Let's start with a simple HTML containing three input fields: zip, city, and state. Please note that the method zipChanged() is called as soon as a character is entered in the zip field. In turn, the JavaScript function zipChanged() (see below) calls the function updateState() when the zip length is three and up-dateCity() when the length of the zip is five. Both updateCity() and updateState() delegate most of the work to another function - ask().

Zip:<input id="zipcode" type="text" maxlength="5" onKeyUp="zipChanged()"
City: <input id="city" disabled maxlength="32" style="width:160"/>
State:<input id="state" disabled maxlength="2" style="width:30"/>

<script src="xmlhttp.js"></script>
var zipField = null;
function zipChanged(){
zipField = document.getElementById("zipcode")
var zip = zipField.value;
zip.length == 3?updateState(zip):zip.length == 5?updateCity(zip):"";

function updateState(zip) {
var stateField = document.getElementById("state");
ask("resolveZip.jsp?lookupType=state&zip="+zip, stateField, zipField);
function updateCity(zip) {
var cityField = document.getElementById("city");
ask("resolveZip.jsp? lookupType=city&zip="+zip, cityField, zipField);

More Stories By Victor Rasputnis

Dr. Victor Rasputnis is a Managing Principal of Farata Systems. He's responsible for providing architectural design, implementation management and mentoring to companies migrating to XML Internet technologies. He holds a PhD in computer science from the Moscow Institute of Robotics. You can reach him at vrasputnis@faratasystems.com

More Stories By Anatole Tartakovsky

Anatole Tartakovsky is a Managing Principal of Farata Systems. He's responsible for creation of frameworks and reusable components. Anatole authored number of books and articles on AJAX, XML, Internet and client-server technologies. He holds an MS in mathematics. You can reach him at atartakovsky@faratasystems.com

More Stories By Igor Nys

Igor Nys is a Director of Technology Solutions at EPAM Systems, Inc, a company combining IT consulting expertise with advanced onshore-offshore software development practices. Igor has been working on many different computer platforms and languages including Java, C++, PowerBuilder, Lisp, Assembler since the mid 80's. Igor is currently managing a number of large distributed projects between US and Europe. In addition Igor is the author of the award-winning freeware system-management tools, and he was closely involved in the development of XMLSP technology - one of the AJAX pioneers.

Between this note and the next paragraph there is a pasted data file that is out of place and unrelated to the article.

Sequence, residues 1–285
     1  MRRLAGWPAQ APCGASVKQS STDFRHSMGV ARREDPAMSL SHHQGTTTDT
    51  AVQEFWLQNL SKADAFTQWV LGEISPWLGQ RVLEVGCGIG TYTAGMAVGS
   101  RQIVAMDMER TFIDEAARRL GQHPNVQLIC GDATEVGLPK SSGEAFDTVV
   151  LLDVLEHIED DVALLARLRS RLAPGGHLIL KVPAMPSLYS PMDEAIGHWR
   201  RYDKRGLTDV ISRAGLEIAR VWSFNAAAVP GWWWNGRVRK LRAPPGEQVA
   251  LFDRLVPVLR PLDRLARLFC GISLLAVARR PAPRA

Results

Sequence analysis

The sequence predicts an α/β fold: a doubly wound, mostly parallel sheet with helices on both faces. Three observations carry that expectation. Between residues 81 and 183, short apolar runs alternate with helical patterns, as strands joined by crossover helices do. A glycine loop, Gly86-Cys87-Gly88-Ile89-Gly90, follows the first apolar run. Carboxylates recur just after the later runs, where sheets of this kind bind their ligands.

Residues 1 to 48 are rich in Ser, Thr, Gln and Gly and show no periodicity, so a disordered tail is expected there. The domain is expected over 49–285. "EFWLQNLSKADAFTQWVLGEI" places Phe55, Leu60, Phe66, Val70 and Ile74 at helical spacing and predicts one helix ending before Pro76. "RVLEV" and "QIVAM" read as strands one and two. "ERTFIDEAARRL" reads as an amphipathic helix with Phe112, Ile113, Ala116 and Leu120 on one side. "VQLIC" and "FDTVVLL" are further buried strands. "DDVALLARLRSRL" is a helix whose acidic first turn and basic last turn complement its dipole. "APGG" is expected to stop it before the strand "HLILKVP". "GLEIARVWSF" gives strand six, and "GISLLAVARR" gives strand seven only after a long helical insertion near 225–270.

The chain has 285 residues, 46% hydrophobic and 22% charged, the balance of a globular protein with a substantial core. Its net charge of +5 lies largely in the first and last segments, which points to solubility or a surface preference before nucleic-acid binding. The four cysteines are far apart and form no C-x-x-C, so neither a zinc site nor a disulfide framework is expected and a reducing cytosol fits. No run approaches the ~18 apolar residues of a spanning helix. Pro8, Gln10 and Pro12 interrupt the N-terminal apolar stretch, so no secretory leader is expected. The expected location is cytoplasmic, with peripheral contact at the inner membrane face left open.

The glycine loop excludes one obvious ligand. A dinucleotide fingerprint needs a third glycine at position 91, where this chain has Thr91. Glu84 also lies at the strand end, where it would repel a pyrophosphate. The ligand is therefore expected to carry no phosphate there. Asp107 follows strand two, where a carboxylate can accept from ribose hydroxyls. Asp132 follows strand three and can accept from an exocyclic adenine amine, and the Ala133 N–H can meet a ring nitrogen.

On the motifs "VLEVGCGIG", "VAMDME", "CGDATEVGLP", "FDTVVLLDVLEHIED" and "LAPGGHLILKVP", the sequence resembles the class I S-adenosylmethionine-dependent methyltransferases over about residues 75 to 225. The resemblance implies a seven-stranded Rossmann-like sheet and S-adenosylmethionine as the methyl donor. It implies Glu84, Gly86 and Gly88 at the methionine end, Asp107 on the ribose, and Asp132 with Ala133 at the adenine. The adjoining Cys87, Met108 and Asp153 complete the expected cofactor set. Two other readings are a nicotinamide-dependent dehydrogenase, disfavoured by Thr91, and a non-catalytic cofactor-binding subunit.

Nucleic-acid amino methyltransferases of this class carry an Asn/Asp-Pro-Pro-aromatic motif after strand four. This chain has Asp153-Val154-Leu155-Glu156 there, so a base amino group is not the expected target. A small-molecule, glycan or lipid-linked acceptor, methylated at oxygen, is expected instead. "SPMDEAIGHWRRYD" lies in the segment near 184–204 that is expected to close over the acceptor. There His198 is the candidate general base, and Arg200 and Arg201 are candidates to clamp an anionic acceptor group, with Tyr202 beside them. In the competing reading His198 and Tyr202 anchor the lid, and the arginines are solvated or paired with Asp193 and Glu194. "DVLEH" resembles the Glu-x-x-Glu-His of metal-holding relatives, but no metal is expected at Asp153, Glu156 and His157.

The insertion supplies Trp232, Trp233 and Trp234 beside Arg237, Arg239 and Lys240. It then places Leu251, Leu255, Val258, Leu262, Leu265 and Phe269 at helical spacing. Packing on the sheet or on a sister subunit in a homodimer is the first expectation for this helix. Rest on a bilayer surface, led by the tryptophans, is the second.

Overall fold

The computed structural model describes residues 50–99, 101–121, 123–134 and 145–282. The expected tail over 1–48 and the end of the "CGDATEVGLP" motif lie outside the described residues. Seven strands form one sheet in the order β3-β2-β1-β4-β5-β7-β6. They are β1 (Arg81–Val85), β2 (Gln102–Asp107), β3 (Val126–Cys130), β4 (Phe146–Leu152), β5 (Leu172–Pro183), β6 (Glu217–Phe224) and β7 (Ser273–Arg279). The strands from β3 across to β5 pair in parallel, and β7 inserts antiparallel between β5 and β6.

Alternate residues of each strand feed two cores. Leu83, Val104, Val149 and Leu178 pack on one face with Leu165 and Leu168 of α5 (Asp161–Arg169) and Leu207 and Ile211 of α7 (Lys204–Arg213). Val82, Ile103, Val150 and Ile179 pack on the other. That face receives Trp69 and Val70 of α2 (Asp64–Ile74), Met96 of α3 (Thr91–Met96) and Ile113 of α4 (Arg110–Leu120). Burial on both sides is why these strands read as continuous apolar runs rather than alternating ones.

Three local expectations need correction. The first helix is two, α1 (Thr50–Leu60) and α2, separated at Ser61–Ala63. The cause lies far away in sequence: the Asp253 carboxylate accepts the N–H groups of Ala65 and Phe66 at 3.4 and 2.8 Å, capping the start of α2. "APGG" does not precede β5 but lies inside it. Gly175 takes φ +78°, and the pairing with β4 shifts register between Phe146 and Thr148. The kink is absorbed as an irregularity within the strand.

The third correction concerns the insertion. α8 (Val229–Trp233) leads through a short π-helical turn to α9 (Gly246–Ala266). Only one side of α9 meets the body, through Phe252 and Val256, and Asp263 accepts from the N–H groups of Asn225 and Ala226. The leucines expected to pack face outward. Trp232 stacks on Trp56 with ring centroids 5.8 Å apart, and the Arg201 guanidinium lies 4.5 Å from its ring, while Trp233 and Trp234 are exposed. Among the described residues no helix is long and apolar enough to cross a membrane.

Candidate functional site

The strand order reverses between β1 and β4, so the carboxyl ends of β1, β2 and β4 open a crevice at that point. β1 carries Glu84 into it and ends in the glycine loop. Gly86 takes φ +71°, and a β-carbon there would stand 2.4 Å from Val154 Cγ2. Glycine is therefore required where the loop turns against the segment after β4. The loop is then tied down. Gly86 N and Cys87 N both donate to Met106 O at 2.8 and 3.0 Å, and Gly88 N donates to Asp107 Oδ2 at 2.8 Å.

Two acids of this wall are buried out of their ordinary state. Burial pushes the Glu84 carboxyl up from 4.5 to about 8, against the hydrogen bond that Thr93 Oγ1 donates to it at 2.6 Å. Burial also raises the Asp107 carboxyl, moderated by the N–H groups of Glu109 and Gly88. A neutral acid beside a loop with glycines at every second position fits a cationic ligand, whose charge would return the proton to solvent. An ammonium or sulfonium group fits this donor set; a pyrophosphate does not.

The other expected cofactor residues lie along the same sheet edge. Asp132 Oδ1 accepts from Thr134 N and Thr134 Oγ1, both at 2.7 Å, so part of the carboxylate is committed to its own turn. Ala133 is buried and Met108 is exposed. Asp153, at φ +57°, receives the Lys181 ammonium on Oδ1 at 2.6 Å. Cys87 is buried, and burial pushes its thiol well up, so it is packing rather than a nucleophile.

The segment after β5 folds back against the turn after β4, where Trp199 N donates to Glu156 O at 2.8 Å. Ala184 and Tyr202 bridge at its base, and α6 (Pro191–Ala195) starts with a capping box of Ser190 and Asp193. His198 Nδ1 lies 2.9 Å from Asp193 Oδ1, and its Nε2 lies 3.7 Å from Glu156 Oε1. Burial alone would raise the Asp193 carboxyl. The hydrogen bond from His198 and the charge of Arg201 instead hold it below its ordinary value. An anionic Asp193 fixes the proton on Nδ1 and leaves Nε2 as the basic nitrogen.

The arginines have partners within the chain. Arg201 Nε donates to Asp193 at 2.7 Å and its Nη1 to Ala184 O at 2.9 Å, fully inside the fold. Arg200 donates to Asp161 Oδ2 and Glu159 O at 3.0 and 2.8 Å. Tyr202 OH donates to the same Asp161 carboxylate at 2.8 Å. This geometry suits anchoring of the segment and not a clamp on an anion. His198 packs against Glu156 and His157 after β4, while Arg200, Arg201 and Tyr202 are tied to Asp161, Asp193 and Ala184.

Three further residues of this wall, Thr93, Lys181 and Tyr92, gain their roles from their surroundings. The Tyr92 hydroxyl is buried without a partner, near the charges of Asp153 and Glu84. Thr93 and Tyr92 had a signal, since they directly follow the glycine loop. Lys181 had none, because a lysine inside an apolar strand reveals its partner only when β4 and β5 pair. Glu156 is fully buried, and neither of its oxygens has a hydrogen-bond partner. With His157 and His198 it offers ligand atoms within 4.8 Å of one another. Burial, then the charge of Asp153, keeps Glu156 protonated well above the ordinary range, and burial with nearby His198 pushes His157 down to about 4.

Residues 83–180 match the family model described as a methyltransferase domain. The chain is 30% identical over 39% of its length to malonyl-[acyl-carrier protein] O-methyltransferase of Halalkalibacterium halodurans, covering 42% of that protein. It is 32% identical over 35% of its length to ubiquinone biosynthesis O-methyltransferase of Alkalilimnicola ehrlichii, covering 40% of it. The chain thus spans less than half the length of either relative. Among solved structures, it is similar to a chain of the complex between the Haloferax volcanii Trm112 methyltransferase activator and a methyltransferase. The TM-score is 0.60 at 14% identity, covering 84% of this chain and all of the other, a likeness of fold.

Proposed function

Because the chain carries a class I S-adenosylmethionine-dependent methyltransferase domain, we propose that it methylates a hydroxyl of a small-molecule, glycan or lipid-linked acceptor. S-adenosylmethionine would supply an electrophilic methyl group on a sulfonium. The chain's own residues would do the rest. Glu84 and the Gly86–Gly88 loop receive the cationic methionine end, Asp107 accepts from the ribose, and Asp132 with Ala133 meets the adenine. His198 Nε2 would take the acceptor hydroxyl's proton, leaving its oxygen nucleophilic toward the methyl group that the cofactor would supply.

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Most Recent Comments
SYS-CON India News Desk 02/19/06 07:05:30 PM EST

Browser-based applications are widely used and we like the fact that we can access them from anywhere. But from the users' perspective, the productivity level of Web applications still doesn't approximate the productivity of desktop programs. The good news is the gap is closing: the accumulated potential of multiple technologies has boosted a whole new breed of HTML-based apps that are as powerful as the desktop ones. Meet AJAX.

Anatole Tartakovsky 12/26/05 06:15:32 PM EST

I received number of questions on the future of the AJAX recently - tried to give my personal view on the possible development in the blog - http://anatolet.blogspot.com

Frank 12/19/05 07:04:50 PM EST

You mention the need to destroy the request and callback objects, but my O'Reilly reference says there is no need to clean up in javascript. Which is correct.

How do you destroy the request and especially the callback objects (can I destroy the callback in the callback!!!)?

Halans 10/15/05 06:25:27 PM EDT

Nice, to the point, Ajax article.
Though some comments (nitpicking)... Wasn't the term 'Ajax' introduced in the Adaptive Path article from february 2005, not march 2004?
You add style attributes with values 'width:30', but you should add 'px' ('width:30px') to make it standards compliant and make firefox display it correctly (IE is way too lax).
Wouldn't you best upon readyState==4 also check the http status 200 before continuing?
You should best add an existing default url to the iframe (ex 'blank.html'), because when you would do this over https (without a url to begin with) you would get an ugly security message in IE, making you pull your hair out to solve this (I lost a bunch one time).
While you did the iframe example, you might have integrated it with the xmlhttprequest for gracefull degradation in an (corporate) IE environment with ActiveX disabled, no?
But like I said, nitpicking.
Looking forward for the upcoming Ajax articles.

Victor Rasputnis 10/04/05 08:04:22 AM EDT

Anand, you are right. The example was meant to be the most obvious, to avoid problems with getRealPath() or explanation around getResourseAsStream() etc. You have a good eye :), thanks again.

Anand 10/03/05 01:42:54 PM EDT

Thanks Victor. I had figured out application instead of using getServletContext() on BEA. However my problem was with the

properties.load(new java.io.FileInputStream(key + ".property"));

I had the file in the same folder and thought that I did not need to provide it with an explicit path such as c:\\ but I guess that is not the case. Also one more change to the html file that I figured in the line:
zip.length = 3 ? updateState(zip) : zip.length == 5 ? updateCity(zip):"";

should be

zip.length == 3 ? updateState(zip) : zip.length == 5 ? updateCity(zip):"";

Victor Rasputnis 09/30/05 10:31:34 PM EDT

Anand, getServletContext() is available in Tomcat JSP, but not in WebLogic (WL -getServletConfig().getServletContext()). Anyway, I replaced gSC() to _application_ for simplicity. Please download again. Most importantly, please also download the DATA files or ZIP will remain red, no matter what :).

Kind Regards,
Victor Rasputnis

Anand 09/29/05 08:42:16 AM EDT

I tried doing this sample using both IE 6 and Firefox. Everytime I type in 3 digits (valid zip code) it paints the box red. It does not populate the city and state. Using BEA I got an error on the JSP page saying that getServletContext() was not recognized. On Tomcat I did not get any error but the program won't work.
Any suggestions ?